Do you want the perfect CV? Yes you do! I’ve put together this guide for anyone that may be struggling to write their Curriculum Vitae. Whether it be the layout or what you write, I (hopefully!) got yah covered!
Before we get started, I should explain (just in case) what a CV actually is. A CV (Curriculum Vitae) is essentially a record of your achievements, experiences and interests summed up on a sheet of A4. It is most commonly given to potential employers but can also be used in the college and university application process.
I’d say probably 99.9% of the time your CV will be typed up using a word processing program such as Microsoft Word, Pages or Openoffice. When reading this guide, you can check out my example CV so that you can see what I mean, some of the things on there are what I’ve used on my actual CV. Though it is fake it gives you an idea:
10 Steps to the Perfect CV
The first, and possibly most vital, step of creating your CV is putting your full name, address, contact number and email in the header of your document. Your name should be at the very top and be immediately obvious and the rest should follow in the next line. This is so the person receiving it know who it’s from and how to contact them
The next bit will be the word-iest bit of the whole document- your personal statement. A Personal statement is a paragraph summing up YOU! Remember, you’ve really got to sell yourself and highlight your best qualities. It’s sosososooso important not to copy a personal statement from the internet because it’s got to reflect you, not anyone else. For university applications, UCAS use a screening tool to make sure no one has copied their personal statement from somewhere else. Better get into good practice now!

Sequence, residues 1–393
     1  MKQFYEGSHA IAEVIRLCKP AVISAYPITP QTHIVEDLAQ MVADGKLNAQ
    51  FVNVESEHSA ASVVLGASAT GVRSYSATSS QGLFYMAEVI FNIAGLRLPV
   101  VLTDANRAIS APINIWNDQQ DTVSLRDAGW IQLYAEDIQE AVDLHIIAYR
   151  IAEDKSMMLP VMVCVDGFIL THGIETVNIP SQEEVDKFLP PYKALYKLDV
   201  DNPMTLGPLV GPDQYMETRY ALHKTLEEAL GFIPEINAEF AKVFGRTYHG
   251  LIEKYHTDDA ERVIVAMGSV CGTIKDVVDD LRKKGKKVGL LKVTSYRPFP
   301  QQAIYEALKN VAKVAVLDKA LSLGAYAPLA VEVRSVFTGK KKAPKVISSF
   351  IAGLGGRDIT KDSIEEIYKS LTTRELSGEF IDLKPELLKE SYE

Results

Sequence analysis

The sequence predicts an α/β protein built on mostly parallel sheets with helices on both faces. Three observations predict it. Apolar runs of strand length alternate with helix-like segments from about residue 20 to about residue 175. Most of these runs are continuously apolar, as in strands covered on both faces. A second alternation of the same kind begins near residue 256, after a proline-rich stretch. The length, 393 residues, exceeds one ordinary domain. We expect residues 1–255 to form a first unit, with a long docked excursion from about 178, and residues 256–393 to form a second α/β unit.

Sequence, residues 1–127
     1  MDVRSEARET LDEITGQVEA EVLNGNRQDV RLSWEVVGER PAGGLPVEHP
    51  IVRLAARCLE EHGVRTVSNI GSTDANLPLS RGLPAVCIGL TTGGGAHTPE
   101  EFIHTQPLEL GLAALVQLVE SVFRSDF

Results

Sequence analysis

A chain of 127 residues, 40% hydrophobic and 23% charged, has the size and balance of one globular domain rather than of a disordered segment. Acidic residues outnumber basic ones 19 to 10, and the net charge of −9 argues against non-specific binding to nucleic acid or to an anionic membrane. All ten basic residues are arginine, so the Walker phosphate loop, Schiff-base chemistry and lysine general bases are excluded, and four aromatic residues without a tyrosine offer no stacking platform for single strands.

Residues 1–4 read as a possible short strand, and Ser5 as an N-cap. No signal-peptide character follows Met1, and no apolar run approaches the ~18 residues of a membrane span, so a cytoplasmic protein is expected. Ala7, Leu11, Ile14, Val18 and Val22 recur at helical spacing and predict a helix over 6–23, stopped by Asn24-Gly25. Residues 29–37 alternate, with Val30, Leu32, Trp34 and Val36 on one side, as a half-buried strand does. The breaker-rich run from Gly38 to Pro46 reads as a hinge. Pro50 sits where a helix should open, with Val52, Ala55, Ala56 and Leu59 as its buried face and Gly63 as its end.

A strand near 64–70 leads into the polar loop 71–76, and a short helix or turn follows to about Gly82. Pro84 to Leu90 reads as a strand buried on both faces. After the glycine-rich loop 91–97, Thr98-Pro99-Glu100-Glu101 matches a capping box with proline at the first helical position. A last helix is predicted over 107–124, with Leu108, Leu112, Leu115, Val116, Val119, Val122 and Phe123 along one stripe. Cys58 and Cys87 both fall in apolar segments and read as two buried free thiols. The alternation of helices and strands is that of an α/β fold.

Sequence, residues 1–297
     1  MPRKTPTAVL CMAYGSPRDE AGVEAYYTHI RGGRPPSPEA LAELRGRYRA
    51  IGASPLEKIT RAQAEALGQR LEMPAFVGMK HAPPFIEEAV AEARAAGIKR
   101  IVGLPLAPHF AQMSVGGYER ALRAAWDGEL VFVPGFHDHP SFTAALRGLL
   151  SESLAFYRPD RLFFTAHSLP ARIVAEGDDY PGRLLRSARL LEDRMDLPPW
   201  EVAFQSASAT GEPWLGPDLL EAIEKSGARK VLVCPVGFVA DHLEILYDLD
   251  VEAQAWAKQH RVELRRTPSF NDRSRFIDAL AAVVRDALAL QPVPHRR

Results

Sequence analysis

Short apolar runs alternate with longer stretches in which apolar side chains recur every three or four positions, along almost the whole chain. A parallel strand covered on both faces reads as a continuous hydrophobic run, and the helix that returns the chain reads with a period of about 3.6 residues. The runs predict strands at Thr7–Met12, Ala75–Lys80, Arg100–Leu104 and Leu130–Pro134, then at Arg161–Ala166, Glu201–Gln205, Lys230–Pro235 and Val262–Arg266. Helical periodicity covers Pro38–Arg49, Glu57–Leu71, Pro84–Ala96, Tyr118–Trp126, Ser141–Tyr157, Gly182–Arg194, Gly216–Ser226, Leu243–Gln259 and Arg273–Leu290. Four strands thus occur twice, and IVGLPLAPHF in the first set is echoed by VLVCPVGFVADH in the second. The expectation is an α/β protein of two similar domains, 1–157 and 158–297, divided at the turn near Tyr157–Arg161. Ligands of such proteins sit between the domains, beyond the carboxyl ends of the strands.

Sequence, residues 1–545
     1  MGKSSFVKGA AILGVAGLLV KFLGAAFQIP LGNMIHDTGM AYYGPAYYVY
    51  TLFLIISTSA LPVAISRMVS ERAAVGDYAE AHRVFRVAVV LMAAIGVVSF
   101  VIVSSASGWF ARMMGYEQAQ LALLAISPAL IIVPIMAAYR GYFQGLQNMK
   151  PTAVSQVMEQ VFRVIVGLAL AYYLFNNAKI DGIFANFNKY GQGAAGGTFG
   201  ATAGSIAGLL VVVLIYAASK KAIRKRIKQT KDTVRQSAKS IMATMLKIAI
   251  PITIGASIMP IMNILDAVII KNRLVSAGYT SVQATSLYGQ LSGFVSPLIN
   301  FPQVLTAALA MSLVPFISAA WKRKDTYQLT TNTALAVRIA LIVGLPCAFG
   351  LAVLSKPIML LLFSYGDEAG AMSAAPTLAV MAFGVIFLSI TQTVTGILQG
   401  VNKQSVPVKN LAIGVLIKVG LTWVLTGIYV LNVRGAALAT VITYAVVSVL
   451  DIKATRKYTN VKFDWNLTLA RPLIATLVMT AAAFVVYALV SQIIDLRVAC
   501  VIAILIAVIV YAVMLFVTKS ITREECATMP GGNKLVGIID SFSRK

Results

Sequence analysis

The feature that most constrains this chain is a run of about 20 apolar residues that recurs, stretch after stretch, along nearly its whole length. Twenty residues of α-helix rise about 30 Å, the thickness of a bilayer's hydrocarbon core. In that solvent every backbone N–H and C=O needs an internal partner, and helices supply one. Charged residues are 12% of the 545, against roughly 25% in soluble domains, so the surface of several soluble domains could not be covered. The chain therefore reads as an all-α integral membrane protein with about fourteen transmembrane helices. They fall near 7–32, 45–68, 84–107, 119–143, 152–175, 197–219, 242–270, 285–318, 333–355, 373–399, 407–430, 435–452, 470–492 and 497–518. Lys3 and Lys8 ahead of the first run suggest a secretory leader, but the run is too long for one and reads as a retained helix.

Underneath the personal statement, you could list roughly 3 key skills you possess. For example: if you’re computer literate, you can drive (hold full driving licence), have good time management, flexible (not physically!!!) etc. It’s these things that can make you stand out against anyone else, which is the primary aim of a CV.
Then, you should list perhaps 3 key interests. This can be anything from purely recreational activities to interests directly related to your career/future career.
We’re halfway there now! Next is listing you main key achievements. This could be if you’ve completed a first aid course, to running the London Marathon! Anything you feel you’ve achieved, plop it down! They can be personal and work related achievements.
Next you should list any previous work experience, be it paid or unpaid. This shows your future employer (or whoever) what experience you have. If you’re yet to gain experience, just leave this bit blank.
Now, you should list any volunteer or charity work you’ve done. To be honest, I’m not completely sure why people do this but apparently it looks good!
Step eight is to list your previous (secondary upwards) and current (if applicable) education institutions. The name, address and the years in which you attended will suffice.
Qualifictions! That’s right time to list your GCSE/ALevel grades (or predicted) and any other recognised qualifications. This shows your potential employer how qualified you are to do the job!
This step requires three words under the heading references: ‘Available On Request’. Job applications may require you to list specific people and contact details but this isn’t necessary on your CV. If they request it, then you can give them a name/contact. Your referee can be a previous employer, Head Of Year/Tutor at school/college or even someone you’ve known for a long time, but not family.
As for layout of your CV, what I’ve put together is a simple, easy to read document. You can customise it however you like, as long as it looks professional, is readable and all the information is there.
I hope this guide was at least a little bit useful. I had fun creating that fake CV so check that out. Also, yes, firstname.lastname@example.org is a real email address that I own. I use it for my gymnastics accounts and things! Feel free to email me about anything gymnastically! Also let me know if you’d like to know any more about CVs.
Thanks for reading – Good luck writing your CV!